Areva have since retracted their extreme claims about the damage to the vessel at a press conference on Tuesday (May 21st), saying that repair operations on a small area of the hull would have no consequences for the performance or strength of the boat. Areva even mentionned that they usually have to face bigger problems in routine training or at race and that they are use to repair such problems in a very short delay (Liberation May 20th).

It clearly suits Areva, the biggest radioactive polluter of the oceans in continental Europe to misrepresent the situation in order to discredit opponents of its activities. However, the fact remains that Areva is responsible for the most important source of marine radioactive pollution in France, through its plutonium reprocessing and plutonium fuel operations. Areva is also responsible for shipping plutonium (the critical raw material for producing nuclear bombs) through the world's oceans, despite the opposition of numerous nations concerned by the risks these shipments pose for the marine environment.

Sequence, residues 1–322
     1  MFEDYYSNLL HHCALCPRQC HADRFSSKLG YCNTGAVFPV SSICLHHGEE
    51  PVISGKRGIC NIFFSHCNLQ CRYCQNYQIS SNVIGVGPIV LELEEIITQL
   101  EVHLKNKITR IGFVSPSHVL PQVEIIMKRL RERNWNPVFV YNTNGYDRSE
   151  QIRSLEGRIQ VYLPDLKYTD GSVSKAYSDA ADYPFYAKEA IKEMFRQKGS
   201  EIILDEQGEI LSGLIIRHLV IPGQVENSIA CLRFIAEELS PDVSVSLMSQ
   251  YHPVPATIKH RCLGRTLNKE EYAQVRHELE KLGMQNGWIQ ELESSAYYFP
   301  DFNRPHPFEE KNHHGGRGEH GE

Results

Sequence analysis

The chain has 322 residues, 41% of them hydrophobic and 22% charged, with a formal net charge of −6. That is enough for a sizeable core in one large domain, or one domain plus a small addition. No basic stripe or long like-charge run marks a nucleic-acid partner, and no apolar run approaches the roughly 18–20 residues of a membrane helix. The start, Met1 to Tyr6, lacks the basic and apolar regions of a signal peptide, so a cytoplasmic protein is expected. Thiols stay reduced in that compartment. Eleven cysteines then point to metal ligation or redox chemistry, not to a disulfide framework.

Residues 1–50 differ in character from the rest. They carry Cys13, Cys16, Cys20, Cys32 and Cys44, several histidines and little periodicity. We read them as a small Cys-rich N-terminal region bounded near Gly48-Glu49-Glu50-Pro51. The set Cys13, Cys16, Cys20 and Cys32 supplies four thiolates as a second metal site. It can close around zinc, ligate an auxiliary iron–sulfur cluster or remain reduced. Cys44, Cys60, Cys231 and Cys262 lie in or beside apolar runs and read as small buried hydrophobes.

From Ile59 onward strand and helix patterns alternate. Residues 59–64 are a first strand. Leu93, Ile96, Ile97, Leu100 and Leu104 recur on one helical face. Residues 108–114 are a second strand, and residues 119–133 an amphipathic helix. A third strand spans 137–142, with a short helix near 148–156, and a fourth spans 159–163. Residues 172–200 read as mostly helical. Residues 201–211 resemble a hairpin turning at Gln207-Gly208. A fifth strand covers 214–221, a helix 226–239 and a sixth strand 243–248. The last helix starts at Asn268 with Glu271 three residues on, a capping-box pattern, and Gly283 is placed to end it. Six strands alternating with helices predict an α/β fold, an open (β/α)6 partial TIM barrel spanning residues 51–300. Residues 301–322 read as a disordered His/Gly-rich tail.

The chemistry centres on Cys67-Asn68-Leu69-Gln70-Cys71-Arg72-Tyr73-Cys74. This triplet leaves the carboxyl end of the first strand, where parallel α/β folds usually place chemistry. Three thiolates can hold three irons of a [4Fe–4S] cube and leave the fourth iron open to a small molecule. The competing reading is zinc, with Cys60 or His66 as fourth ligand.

Finally, Areva is historically tied to France's Pacific nuclear tests, which turned the coral atoll of Moruroa into a nuclear waste dump. French secret agents bombed Greenpeace's flagship, the Rainbow Warrior, in Auckland harbour, killing photographer Fernando Pereira in 1985, as it was about to sail on a protest voyage to Moruroa. By agreeing to a $15 million sponsorship deal with Areva, France's America's Cup team is unfortunately making a pact with a company who's entire ethos and operations are at odds with those who care about the oceans. - Bruno Rebelle, Executive Director, Greenpeace France -